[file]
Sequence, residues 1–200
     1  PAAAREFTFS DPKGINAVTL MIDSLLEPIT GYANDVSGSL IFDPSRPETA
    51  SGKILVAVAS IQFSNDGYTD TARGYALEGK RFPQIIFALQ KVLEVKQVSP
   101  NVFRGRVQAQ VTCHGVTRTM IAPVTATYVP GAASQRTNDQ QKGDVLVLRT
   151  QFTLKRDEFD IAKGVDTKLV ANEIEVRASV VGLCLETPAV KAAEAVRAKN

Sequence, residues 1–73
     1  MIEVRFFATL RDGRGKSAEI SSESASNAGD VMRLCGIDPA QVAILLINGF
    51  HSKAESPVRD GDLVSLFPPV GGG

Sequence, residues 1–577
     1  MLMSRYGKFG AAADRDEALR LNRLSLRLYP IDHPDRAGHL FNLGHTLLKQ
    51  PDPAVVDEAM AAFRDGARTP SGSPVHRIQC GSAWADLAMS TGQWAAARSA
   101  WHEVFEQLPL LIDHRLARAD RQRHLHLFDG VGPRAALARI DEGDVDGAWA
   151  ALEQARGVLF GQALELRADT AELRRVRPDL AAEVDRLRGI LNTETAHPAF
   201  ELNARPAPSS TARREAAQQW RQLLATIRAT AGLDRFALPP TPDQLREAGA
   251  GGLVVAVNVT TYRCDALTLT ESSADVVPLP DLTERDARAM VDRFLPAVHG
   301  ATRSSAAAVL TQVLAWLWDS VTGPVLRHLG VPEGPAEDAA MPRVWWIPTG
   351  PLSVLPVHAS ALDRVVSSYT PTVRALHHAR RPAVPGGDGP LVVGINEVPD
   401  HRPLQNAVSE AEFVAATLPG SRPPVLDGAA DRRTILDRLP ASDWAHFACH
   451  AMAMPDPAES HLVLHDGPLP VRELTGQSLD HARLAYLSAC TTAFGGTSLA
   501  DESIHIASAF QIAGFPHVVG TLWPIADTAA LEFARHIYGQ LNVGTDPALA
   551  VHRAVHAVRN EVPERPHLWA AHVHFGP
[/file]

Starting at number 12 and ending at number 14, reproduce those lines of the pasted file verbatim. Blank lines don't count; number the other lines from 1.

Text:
   101  WHEVFEQLPL LIDHRLARAD RQRHLHLFDG VGPRAALARI DEGDVDGAWA
   151  ALEQARGVLF GQALELRADT AELRRVRPDL AAEVDRLRGI LNTETAHPAF
   201  ELNARPAPSS TARREAAQQW RQLLATIRAT AGLDRFALPP TPDQLREAGA